Since the decline in manufacturing jobs, the young work primarily in retail and food service and have seen their wages drop 15.8 percent since 2000.

A third of young workers contribute financially to their households and 16.5 percent are parents. More than 12 percent live below the poverty level.

Two in five unemployed workers in Los Angeles County are young and unemployment rates in that age group is much higher than the labor force as a whole. In 2013, the rate was 9.2 percent for workers older than 29 and 16.8 percent for the young.

The Economic policy Institute Class of 2015 reports that for college graduates, the unemployment rate has risen from 5.5 percent in 2007 to 7.2 percent. The underemployment rate went from 9.6 percent to 14.9 percent.

For young high school graduates, the unemployment rate is 19.5 percent, up from 15.9 percent in 2007, and the underemployment rate is 37 percent, up from 26.8 percent.

Policies are working out of the old paradigm that young workers work to pay for fun social activities or clothes and iPhones, Waheed said.

Article continues:

Inequality – By Gideon Rose January/February 2016 Issue

What’s Inside

Screen Shot 2015-12-21 at Dec 21, 2015 9.47

Back in 1980, Irving Kristol, the “godfather of neoconservatism,” wrote an essay mocking the left’s obsession with income inequality: “The intensity with which economists work out their Gini coefficients, and the subtlety with which they measure income trends in the quintiles or deciles of the population, is matched—so far as I can see—by the utter lack of interest of the average American in their findings.” Having been impressed at the time by what seemed his cool logic, I checked back recently to see how the piece held up in the Age of Piketty. In retrospect, what was most striking was the setup: “It is my understanding, from surveying various studies of trends in income distribution in the United States over the past three decades, that economists have found very little significant change to have taken place.”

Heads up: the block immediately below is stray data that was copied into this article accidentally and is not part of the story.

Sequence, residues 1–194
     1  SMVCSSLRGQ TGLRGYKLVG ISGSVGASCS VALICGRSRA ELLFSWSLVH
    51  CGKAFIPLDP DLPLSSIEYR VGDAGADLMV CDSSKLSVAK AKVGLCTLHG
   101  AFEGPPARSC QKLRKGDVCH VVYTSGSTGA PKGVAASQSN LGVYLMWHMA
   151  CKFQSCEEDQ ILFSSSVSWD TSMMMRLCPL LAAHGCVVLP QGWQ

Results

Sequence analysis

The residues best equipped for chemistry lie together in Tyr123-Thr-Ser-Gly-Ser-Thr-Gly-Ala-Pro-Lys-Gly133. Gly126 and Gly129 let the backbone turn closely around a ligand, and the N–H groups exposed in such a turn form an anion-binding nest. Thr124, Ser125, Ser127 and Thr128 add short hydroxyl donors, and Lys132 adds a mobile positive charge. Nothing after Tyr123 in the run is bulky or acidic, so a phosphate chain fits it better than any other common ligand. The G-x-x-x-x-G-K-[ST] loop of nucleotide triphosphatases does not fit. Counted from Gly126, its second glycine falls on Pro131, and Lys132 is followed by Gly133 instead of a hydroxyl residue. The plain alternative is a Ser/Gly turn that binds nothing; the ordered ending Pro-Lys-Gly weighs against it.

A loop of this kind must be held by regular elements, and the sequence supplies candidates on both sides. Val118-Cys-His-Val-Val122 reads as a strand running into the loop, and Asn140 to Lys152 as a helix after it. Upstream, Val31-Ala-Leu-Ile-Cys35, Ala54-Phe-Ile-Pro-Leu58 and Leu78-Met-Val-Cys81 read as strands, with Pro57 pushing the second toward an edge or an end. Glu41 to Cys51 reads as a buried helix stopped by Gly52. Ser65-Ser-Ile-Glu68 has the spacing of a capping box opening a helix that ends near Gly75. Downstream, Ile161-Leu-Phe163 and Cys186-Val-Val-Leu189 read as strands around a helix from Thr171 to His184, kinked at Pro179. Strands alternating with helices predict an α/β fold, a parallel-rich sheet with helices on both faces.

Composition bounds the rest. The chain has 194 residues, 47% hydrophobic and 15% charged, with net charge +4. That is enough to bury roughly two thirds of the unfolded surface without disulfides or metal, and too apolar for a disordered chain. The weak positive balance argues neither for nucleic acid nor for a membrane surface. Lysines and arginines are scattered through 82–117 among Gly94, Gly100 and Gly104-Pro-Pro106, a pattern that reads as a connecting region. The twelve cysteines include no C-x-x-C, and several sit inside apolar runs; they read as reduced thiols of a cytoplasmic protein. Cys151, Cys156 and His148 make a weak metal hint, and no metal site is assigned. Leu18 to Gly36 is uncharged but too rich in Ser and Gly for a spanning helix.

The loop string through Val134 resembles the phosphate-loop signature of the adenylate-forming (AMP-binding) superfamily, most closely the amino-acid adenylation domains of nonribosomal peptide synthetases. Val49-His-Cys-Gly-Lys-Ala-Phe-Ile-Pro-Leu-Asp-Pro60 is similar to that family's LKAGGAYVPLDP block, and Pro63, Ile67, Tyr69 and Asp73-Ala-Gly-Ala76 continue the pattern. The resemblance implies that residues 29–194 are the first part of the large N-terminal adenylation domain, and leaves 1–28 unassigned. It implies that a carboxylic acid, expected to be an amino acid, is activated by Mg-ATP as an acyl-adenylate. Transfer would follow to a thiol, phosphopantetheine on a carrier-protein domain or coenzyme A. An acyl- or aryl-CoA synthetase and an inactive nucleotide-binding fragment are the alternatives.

That was then; this is now. Were Irving still around to chime in, he would probably continue to mock. But ever the empiricist, he would have to concede that the objective realities of the situation had changed dramatically. Over the intervening years, real incomes and wealth have stagnated for the vast majority of Americans, even as they have skyrocketed for those at the very top. With some national variations, moreover, something similar has happened across the developed world.

These trends are starting to define our era. But what is driving them? What is the significance of the economic inequality that has resulted? And what can or should be done about it?

Article continues:

Is the American Dream Failing Us? – By Lindsey Cook Dec. 3, 2015 | 12:01 a.m. EST

Recent data show Americans are better educated, but also poorer.

If college is supposed to lead to the American Dream, why is the poverty rate still increasing?

If college is supposed to lead to the American Dream, why is the poverty rate still increasing?

Americans are more educated than they’ve ever been, according to new census data.

The U.S. Census Bureau on Thursday released its American Community Survey, which provides county-by-county tallies for demographics, education, employment and other statistics every five years. The most recent data runs from 2010 to 2014.

Here are the most important takeaways:

Americans are more educated.

While some have said the increase in graduation rates won’t be sustainable for much longer, Americans for now are still graduating from college at higher rates than ever before. In the 3,142 U.S. counties, the percentage of people 25 or older who had a bachelor ‘s degree increased in 1,000 counties between 2005-2009 and 2010-2014. It only decreased in 60 counties.

The change in the percentage of Americans with a bachelor's degree per county

The share of Americans graduating high school or higher and the share of Americans with a bachelor’s degree or higher both increased.

The percentage of Americans with a bachelor's degree per county

More Americans are below the poverty line. 

In the 2005-2009 survey, 13.5 percent of Americans were below the poverty line. In 2014, 15.6 percent were.

The share of Americans in poverty grew in more than 1,000 counties and decreased in 136. Of the 119 counties where 30 percent or more of residents had income below the poverty threshold, 93 were in the South.

The change in the percentage of Americans in poverty
Article continues: